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What is the Lesser Magistrate Doctrine?

The Lesser Magistrate Doctrine teaches that when the superior or higher ranking civil authority makes unjust/immoral law, policy, or court opinion – the lower or lesser ranking civil authority has both the God-given right and duty to refuse obedience to that superior authority; and if necessary, actively resist the superior authority.

The doctrine was first formalized by Christian men in Magdeburg, Germany in 1550. 

The lesser magistrate doctrine is rooted in the historic Christian doctrine of interposition. Interposition  is where one steps into the gap – placing themselves in between the oppressor and his intended victim. Interposition can take place verbally or physically. 

The law of God is the objective standard to which all men and all governments of men are accountable. If civil authorities make law, policy, or court opinion that is contrary to His law – the lesser magistrates are to interpose and stop the evil

America’s founders established this nation as a true federalism. In a true federalism there are multiple levels of government and multiple branches on each level. They did this because they held to a Christian view of man – that he is wicked and in need of a Savior.

They did not want power to rest in one man or a small group of men.

The intent, therefore, of federalism is: if any one branch begins to play the tyrant, it is the duty of the other branches to interpose and resist that branch – and stop the evil. The duty of the people is to rally with the interposing magistrates.

All public authorities (magistrates) possess lawful authority. If federal authorities do wrong, it is the duty of state, county, and local authorities to step in and stop the evil. If state authorities do wrong, it is the duty of county and local officials to step in and stop the evil.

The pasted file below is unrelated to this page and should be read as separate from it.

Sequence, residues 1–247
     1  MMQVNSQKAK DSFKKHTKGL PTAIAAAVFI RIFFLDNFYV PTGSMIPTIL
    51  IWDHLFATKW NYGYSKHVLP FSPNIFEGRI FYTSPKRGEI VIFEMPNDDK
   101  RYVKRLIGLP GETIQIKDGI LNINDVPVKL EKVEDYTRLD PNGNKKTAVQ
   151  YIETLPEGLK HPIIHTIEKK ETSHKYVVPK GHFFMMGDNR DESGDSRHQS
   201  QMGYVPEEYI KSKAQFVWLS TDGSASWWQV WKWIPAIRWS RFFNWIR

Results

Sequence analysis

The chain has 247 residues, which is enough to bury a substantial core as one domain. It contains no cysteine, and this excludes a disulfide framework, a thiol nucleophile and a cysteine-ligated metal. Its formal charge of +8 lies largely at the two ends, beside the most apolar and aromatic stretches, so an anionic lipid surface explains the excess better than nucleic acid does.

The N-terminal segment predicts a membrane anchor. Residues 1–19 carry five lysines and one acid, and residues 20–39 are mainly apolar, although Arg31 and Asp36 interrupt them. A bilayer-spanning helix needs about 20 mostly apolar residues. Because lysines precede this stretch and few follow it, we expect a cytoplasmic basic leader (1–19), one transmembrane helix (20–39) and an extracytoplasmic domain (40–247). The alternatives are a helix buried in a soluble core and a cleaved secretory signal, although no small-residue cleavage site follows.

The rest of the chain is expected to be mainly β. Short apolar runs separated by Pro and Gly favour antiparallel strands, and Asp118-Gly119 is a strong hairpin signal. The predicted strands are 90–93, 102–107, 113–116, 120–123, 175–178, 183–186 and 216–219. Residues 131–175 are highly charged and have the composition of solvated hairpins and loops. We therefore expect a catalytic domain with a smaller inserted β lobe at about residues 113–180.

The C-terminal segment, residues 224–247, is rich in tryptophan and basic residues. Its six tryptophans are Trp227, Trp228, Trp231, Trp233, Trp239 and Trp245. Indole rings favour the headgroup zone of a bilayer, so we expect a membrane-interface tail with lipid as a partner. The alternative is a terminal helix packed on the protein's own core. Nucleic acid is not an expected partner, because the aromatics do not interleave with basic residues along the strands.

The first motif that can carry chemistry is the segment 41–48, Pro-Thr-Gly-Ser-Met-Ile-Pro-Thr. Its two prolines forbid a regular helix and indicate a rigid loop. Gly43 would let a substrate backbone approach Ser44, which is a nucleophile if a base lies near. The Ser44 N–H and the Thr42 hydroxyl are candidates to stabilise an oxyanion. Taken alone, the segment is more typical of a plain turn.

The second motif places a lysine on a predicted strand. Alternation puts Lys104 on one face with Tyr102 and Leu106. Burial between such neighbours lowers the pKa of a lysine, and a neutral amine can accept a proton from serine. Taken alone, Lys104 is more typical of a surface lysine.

State, county, and local magistrates take an oath to uphold both their State Constitution and the U.S. Constitution. They do not take an oath of subservience to the federal government, nor do they take an oath to blindly obey the authority above them.

Rather, they take an oath to uphold the constitutions. If therefore, another authority makes law, policy, or court opinion repugnant to the state or federal constitutions – they should not obey them. 

God has established four realms of government to which He delegates authority. They are: (1) self-government; (2) family government; (3) church government; and (4) civil government. Each has its own role, function, and limits. 

The authority an individual possesses in any one of these four realms of government is delegated authority. In other words, they derive their authority from God. Their authority is not autonomous or unconditional. Their authority is God-given, and thus, they have a duty to govern in accordance with His rule. 

When someone in authority makes laws or decrees contrary to God’s law, they are in rebellion to God’s rule. Those under their authority are NOT to obey them when they do this. They may even have to actively resist them.